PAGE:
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[maj-uh-streyt, -strit] /ˈmædʒ əˌstreɪt, -strɪt/
a civil officer charged with the administration of the law.
a minor judicial officer, as a justice of the peace or the judge of a police court, having jurisdiction to try minor criminal cases and to conduct preliminary examinations of persons charged with serious crimes.
Origin of magistrate
1350-1400; Middle English magistrat < Latin magistrātus magistracy, magistrate, equivalent to magist(e)r master + -ātus -ate3
Related forms
magistrateship, noun
Can be confused
magisterial, magistrate, majestic. Unabridged
Based on the Random House Dictionary, © Random House, Inc. 2018.
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Examples from the Web for magistrate
Contemporary Examples
Historical Examples
  • In this instance, the populace are more puritanic than the magistrate.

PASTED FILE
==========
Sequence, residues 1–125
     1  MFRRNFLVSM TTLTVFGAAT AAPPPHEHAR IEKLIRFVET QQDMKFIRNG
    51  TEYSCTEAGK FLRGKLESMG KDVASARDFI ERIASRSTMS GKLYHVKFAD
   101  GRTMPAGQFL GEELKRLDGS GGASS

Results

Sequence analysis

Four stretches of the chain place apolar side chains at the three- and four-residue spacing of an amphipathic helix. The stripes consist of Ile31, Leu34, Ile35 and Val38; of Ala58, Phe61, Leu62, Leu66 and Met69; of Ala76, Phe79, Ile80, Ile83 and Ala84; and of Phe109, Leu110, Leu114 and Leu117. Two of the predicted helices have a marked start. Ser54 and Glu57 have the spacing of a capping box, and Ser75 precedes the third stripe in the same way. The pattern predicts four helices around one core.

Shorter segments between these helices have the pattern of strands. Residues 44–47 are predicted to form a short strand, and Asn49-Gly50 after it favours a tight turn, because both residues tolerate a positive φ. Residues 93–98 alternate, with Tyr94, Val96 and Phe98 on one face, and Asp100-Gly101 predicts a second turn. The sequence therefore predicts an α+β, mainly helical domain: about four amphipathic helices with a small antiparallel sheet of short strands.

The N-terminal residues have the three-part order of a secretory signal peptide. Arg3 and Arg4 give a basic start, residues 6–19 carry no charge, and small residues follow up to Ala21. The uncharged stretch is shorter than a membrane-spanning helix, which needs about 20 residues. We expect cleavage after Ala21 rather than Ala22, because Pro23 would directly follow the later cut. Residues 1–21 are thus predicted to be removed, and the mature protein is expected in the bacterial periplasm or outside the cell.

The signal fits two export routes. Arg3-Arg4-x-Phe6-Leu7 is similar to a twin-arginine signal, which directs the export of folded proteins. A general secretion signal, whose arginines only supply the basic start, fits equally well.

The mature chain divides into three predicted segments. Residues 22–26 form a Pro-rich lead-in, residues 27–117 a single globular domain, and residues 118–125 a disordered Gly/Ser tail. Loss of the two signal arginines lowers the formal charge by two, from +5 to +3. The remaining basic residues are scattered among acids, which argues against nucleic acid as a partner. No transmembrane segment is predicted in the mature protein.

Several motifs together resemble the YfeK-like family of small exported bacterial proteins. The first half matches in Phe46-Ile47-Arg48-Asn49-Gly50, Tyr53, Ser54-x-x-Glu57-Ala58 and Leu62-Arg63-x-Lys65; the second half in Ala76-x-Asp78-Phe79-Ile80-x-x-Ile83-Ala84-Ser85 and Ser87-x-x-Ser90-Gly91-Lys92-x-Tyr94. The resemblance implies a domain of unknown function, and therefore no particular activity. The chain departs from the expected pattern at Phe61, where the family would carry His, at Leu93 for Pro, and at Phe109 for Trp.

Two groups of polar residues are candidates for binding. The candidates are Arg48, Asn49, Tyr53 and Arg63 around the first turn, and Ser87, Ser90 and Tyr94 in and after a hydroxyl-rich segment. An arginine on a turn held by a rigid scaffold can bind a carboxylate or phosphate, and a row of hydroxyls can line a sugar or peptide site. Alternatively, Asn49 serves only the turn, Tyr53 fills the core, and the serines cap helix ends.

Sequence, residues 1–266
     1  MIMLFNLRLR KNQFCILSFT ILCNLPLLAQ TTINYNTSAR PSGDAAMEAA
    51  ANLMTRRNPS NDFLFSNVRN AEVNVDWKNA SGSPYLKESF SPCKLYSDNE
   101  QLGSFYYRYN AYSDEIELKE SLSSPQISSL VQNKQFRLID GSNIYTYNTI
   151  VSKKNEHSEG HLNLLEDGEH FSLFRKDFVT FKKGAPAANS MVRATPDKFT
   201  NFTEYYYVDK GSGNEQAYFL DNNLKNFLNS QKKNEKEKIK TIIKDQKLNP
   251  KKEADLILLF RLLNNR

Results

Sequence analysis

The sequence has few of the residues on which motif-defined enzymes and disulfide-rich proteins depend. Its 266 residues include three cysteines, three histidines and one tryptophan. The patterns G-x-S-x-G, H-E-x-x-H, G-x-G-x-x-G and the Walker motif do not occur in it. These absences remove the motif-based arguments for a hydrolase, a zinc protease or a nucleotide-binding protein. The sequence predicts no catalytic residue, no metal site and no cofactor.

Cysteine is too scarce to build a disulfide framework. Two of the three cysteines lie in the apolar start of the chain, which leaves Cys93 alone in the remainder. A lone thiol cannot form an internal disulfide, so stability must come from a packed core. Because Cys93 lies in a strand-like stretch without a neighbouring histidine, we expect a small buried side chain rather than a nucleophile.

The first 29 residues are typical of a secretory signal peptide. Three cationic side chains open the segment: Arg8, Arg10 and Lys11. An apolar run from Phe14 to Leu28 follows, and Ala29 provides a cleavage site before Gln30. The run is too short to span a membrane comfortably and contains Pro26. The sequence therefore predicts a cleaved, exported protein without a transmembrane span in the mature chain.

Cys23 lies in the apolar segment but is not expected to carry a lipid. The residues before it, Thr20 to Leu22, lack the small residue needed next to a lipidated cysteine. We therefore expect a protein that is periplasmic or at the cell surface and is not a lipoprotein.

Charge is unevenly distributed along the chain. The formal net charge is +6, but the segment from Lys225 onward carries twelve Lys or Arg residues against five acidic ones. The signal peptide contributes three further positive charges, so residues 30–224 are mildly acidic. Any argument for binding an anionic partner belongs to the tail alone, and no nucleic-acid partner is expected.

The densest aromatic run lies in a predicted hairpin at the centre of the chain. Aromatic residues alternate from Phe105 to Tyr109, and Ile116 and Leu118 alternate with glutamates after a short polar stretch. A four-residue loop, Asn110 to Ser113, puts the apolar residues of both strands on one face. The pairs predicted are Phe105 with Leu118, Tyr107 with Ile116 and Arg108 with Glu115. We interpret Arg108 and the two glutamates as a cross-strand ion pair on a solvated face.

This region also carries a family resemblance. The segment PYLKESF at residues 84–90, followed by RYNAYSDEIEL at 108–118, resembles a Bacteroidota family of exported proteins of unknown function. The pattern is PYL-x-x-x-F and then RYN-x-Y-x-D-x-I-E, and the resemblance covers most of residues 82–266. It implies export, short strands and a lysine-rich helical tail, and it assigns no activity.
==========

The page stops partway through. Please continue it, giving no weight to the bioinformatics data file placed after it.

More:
Old News Nathaniel Hawthorne
  • At last, however, a magistrate was found and a private investigation of his case granted.

    Ridgeway Scian Dubh
  • The magistrate thought a moment, and replied, "Alice Darvil."

    Alice, or The Mysteries, Complete Edward Bulwer-Lytton
  • At this very moment the soldiers, preceded by a magistrate, entered the room.

    The Black Tulip Alexandre Dumas (Pere)
  • The magistrate cast a glance at a small note at the top of his papers.

    The Black Tulip Alexandre Dumas (Pere)
British Dictionary definitions for magistrate


/ˈmædʒɪˌstreɪt; -strɪt/
a public officer concerned with the administration of law related adjective magisterial
another name for justice of the peace
(NZ) the former name for district court judge
Derived Forms
magistrateship, noun
Word Origin
C17: from Latin magistrātus, from magister master
Collins English Dictionary - Complete & Unabridged 2012 Digital Edition
© William Collins Sons & Co. Ltd. 1979, 1986 © HarperCollins
Publishers 1998, 2000, 2003, 2005, 2006, 2007, 2009, 2012
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Word Origin and History for magistrate

late 14c., "civil officer in charge of administering laws," from Old French magistrat, from Latin magistratus "a magistrate, public functionary," originally "magisterial rank or office," from magistrare "serve as a magistrate," from magister "chief, director" (see master). Related: Magistracy.

Online Etymology Dictionary, © 2010 Douglas Harper
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